We are currently drowning in a sea of words.
Because I make my living as a writer, I’m not complaining. But I do understand how overwhelming it can be.
If you’re marketing a product or service, words are your assistants.
Very important assistants, at that.
Use too many and you’ll bore your prospect.
Use too few and they’ll be unable to make an educated choice.
It is why you need to make…
The Economy of Words
Making sure every word is the right word is your ultimate goal in communicating your message.
Mark Twain famously said, “The difference between the right word and the almost right word is the difference between lightning and a lightning bug.”
Your reader is more pressed for time than ever. This means you need to state your message quickly. You need to get to the point.
If you dwell upon details that really don’t make a difference to your reader, you risk losing her. If you take a paragraph to say what could be said in one sentence, you risk losing her.
You don’t want this to happen, which is why it’s so important to re-read what you’ve written in order to delete that which doesn’t need to be said.
Write Like You Talk
I’ve actually said this in many of my posts. A friendly tone in your writing will appeal to your reader more than a formal tone. Using simpler words will allow more people to understand what you’re trying to communicate.
However, if I really wrote the way I talked, my posts would rival the length of Tolstoy’s War and Peace.
Anyone who has received email correspondence from me knows that often, I’m long-winded. I blame my loquacious full-blooded Italian mother but my father, the salesman, also had a little to do with it.
I have spent my life trying to get to the point.
So here’s your plan: write like you talk and then edit like a ruthless killer.
Ferret out those niggling words like “that” (which so often can be omitted) and phrases like “at this point in time” and either delete them or consolidate them (“now” is a great replacement for “at this point in time”).
A popular writer’s axiom says, “Write from your heart, edit with your head.”
It’s important to pour your heart out when you initially write anything, but then it’s also important to go back and clean up your words after what I call “the birthing process.”
Birthing is a messy business. It’s only after the blood is cleaned away that you can see how absolutely adorable the baby looks.
A Copywriter’s Copy Has One Purpose Only
And that is… to get the prospect to buy.
Copywriters use words to sell. That’s why it’s called “salesmanship-in-print.”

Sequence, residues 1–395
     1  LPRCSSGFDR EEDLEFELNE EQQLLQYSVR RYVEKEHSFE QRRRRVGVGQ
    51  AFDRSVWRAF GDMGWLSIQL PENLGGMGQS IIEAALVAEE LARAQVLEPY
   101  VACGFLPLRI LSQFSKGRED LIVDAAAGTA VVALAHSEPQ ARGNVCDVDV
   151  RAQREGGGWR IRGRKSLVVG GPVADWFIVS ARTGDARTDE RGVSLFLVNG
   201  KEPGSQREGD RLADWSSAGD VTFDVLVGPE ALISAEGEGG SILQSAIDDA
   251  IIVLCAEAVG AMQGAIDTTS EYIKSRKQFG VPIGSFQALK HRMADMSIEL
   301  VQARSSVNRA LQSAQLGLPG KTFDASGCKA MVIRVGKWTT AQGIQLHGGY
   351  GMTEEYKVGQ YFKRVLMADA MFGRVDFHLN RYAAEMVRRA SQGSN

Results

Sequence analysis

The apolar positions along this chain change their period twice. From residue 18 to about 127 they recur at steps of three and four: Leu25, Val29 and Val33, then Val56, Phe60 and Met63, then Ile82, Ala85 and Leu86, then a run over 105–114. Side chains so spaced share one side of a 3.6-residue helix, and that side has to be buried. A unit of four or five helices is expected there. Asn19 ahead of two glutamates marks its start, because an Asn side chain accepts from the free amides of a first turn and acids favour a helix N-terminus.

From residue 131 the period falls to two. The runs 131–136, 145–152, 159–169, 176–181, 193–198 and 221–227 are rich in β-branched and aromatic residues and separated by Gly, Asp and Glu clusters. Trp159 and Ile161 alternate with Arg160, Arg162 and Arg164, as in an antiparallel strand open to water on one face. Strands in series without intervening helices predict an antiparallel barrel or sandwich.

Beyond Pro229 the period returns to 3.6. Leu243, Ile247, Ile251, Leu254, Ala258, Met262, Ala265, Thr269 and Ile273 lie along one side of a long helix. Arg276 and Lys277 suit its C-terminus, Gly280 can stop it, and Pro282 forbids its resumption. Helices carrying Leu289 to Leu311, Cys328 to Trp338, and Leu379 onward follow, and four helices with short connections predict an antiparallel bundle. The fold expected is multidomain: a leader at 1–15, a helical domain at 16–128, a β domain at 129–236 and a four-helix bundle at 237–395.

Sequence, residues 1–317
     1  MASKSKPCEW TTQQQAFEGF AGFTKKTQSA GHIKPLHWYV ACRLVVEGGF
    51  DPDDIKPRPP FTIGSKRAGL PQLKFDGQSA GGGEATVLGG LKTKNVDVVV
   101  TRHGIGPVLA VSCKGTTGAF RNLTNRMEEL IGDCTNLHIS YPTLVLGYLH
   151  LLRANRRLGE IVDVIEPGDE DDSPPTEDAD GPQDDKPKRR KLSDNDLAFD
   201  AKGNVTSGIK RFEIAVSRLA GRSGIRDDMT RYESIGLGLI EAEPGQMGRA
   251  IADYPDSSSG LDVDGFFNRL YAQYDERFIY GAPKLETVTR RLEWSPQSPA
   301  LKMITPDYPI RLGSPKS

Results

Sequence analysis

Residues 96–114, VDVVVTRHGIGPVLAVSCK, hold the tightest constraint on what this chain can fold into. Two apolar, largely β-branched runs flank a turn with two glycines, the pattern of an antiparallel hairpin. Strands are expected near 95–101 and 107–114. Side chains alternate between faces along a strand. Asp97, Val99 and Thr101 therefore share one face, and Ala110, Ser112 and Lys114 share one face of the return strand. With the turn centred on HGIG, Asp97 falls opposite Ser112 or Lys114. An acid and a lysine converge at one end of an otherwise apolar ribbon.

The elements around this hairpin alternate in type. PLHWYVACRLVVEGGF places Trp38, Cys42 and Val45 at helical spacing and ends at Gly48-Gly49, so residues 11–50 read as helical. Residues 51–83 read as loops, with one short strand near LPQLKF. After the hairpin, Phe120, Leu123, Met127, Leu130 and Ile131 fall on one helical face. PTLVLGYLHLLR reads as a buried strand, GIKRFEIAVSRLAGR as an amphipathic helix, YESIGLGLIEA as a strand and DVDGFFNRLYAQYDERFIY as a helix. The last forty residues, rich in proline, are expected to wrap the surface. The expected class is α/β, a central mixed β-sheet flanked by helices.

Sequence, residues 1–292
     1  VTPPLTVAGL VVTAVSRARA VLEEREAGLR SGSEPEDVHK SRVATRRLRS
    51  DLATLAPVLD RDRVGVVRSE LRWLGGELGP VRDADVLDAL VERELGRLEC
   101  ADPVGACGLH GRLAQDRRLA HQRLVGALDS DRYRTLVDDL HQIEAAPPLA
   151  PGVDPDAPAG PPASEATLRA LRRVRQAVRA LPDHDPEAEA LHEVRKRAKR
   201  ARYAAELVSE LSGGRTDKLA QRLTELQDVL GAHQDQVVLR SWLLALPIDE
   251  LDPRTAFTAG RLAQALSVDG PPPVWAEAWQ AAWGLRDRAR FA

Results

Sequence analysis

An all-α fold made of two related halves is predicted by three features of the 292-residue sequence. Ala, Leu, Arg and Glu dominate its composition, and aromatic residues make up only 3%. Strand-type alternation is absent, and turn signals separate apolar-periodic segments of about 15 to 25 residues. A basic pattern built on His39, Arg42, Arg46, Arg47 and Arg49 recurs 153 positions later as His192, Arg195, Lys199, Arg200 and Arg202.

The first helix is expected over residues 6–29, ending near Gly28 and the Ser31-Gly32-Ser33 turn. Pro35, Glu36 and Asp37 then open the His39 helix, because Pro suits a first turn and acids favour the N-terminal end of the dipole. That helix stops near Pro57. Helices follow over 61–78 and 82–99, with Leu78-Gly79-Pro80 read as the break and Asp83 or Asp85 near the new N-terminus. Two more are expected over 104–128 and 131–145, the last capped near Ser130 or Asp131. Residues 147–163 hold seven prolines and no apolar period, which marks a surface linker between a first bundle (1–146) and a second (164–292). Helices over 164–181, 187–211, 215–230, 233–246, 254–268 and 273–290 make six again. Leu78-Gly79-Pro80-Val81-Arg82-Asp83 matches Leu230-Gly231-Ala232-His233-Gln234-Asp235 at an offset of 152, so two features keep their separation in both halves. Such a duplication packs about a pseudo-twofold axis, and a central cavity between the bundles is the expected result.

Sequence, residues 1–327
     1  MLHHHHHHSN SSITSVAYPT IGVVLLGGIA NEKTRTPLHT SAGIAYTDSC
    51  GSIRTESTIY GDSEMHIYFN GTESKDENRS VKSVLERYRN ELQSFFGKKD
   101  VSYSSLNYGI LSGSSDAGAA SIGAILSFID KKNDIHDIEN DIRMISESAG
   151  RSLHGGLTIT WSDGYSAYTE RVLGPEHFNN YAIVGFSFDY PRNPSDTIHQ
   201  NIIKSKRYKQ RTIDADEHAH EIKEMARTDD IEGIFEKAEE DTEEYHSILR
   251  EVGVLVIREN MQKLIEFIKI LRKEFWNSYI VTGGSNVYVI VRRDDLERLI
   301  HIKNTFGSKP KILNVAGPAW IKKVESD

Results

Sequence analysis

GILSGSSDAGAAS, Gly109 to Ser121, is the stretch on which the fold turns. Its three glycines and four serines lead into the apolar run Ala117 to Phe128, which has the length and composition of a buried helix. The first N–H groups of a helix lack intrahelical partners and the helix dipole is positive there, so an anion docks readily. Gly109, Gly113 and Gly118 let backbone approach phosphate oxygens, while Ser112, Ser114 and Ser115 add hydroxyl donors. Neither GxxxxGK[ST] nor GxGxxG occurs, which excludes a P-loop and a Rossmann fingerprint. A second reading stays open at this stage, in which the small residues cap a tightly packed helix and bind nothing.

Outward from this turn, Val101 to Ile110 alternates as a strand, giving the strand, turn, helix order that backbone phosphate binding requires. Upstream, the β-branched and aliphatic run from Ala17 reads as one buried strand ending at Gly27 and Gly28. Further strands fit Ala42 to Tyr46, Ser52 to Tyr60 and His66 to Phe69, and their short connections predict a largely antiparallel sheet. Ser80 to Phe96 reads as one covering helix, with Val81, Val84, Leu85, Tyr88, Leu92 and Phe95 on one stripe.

It’s easy to get caught up with the words. It’s easy to fall in love with your product or service and then wax poetic about them. That’s what happens when you fall in love.
You want to tell the entire world about it. And you want to spend hours telling them all the cool things about your beloved.
That happened to me. When I fell in love with my husband, I could hardly keep my mouth shut.
He was the greatest thing since sliced bread! Better than peanut butter and chocolate! And definitely better than any other guy I had ever dated in my entire life.
But people become bored fast when all you can sing is a one-note symphony.
It’s the same with your copy.
Your product may indeed be the most amazing product the world has ever seen, but you can’t go on and on about it. You have to focus on your reader.
You need to define what interests your reader and then speak to that interest. And then you must sell them on the idea that your product or service is just what they need.
I’ve used 652 words telling you this but I hope you’ve been sold on the idea that in order to get your message heard, you need to learn how to use your words economically.
You want to write in a way that will both educate your reader and convince her to buy what you’re selling.
So the next time you write anything, give yourself time to examine what you’ve written and ask yourself: “Is this word necessary or can I delete it? Can I say this with fewer words?”
You may be surprised how much you can delete. Pruning a plant ensures that it remains healthy and produces new growth. The same can be said for our writing.
Make it a habit to get rid of the “dead leaves and flowers” in your writing and you’ll enjoy lively copy that nurtures growth in your business. Your readers (and accountant) will love you for it.